Why had I never heard of Sidney Sime before? This is the sort of work that makes me think the late 19th century romantics and decadents were much more unsettling than any Shock of the New.
BTW that's Don Kenn on the header, who's also brilliant. The combination of the two kinda bridges the gap between Edward Gorey and Aubrey Beardsley in my mind's eye.
Elsewhere Zak Smith said: lovecraft in his home era, when the urge to be purist is most intense, is profoundly antisocial and timeless and devoid of cultural markers. It's about people alone in featureless rooms with the landscape... It's like his language strips away so many signifiers of everyday life that it's at its best when dealing with only "eternal" things: a house, a desert, a field, a forest, a museum, an office. Nothing that has any chance of being dated.
Which I think of as "Call of Kafka" or, where the monsters really are up to something conspiratorial and it is society-must-be-defended, then Kafka of Cthulhu.
I would add another strand: for me, the mystery's the thing, but not really in the sense that now you have a puzzle to solve. CoC adventures where you actually do learn something about the True Nature of the Universe strike me as deeply problematic, partly because the monsters turn out to have human-readable motivations after all (what with being created by humans and all). I think my favourite resolution to a CoC mystery might be that you realise at the end of it that now you know less about the Mythos than you did before.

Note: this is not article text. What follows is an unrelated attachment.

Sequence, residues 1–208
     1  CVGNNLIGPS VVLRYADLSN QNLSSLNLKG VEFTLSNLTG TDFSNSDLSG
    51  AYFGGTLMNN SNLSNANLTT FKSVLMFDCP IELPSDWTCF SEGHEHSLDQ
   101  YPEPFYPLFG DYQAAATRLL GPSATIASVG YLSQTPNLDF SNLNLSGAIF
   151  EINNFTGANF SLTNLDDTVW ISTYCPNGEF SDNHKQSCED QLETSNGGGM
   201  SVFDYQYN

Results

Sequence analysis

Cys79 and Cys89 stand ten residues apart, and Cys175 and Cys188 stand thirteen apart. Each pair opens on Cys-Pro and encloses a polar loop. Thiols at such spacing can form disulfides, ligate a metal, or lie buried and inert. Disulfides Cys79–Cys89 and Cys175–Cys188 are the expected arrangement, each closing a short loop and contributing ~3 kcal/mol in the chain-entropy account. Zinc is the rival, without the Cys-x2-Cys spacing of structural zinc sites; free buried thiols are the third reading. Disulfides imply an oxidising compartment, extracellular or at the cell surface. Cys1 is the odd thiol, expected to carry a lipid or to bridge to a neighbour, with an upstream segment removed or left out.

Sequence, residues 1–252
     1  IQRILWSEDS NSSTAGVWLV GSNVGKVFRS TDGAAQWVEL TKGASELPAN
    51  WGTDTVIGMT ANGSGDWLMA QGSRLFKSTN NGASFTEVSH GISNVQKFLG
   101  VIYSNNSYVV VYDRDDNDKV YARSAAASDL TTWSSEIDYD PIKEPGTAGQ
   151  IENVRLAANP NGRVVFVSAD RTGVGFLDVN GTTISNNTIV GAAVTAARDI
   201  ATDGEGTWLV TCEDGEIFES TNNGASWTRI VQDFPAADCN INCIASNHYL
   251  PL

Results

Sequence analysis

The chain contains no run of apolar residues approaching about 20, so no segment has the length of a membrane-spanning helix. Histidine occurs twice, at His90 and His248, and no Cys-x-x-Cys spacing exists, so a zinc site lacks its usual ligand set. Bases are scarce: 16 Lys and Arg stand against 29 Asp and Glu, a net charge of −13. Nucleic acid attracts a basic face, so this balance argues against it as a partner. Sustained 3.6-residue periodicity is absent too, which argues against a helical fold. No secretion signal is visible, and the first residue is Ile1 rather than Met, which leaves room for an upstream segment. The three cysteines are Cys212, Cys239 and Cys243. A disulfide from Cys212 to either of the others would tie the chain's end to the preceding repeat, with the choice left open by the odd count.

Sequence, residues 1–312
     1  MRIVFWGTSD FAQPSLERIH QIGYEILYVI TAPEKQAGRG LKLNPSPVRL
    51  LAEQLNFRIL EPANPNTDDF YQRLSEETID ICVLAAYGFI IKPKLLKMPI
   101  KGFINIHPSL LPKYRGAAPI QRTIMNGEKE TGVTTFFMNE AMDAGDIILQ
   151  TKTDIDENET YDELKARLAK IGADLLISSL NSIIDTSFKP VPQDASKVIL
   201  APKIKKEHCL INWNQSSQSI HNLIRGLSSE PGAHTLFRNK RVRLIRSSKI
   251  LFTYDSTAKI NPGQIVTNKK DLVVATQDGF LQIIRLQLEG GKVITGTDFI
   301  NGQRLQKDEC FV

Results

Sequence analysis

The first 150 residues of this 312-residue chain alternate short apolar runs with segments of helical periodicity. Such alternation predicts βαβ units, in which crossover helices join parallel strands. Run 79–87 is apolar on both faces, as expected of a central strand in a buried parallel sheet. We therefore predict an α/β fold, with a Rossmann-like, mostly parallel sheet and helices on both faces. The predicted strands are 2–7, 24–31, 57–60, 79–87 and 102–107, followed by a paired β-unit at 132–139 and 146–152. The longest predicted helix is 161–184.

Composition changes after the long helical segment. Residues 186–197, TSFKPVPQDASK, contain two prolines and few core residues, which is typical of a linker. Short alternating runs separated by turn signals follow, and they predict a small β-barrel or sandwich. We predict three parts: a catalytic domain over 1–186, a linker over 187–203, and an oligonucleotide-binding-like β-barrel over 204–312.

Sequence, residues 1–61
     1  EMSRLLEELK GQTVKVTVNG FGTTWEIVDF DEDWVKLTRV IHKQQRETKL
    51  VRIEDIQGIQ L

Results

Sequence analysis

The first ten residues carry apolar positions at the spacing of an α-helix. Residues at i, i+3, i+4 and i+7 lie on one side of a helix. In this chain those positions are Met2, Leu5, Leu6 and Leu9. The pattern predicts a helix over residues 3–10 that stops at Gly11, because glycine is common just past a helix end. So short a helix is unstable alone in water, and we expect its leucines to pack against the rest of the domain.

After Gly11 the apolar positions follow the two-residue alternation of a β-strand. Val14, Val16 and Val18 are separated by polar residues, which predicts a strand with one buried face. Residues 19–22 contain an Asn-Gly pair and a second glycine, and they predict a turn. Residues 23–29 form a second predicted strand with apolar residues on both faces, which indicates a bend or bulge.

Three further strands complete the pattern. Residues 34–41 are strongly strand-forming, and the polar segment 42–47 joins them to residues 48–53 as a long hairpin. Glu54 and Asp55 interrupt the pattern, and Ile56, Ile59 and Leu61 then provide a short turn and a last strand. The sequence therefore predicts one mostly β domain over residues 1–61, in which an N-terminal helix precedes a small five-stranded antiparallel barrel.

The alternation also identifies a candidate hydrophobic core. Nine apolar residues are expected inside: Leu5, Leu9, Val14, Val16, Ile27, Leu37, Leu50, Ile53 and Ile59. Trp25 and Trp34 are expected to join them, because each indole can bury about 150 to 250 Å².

It's hard to make a lot of plots around the concept of the uncaring universe that reveal more about that idea. Like, first there's Roadside Picnic, and you can run across the aliens doing something awful and maybe you have to step into the mincing machine to turn it off, so the question is who's going to do that. And then there could be x-com: which bits of the brain melting machine are we going to try to use to barricade our little planet and keep it safe for humanity, and how hopeless is that as a goal? But then I kinda run out of ideas.
So I think the thing that keeps me loving CoC is that the mystery stays unresolved: you don't know what's going on, and a lot of the plots are really human (because it's stupid humans trying to please the alien masters but they don't know what they want actually and meanwhile ooh look shiny virgins!) and what's behind them is unfathomable which means we're not now going to fathom it around this table in the context of a game.
- Sidney Sime and Call of Kafka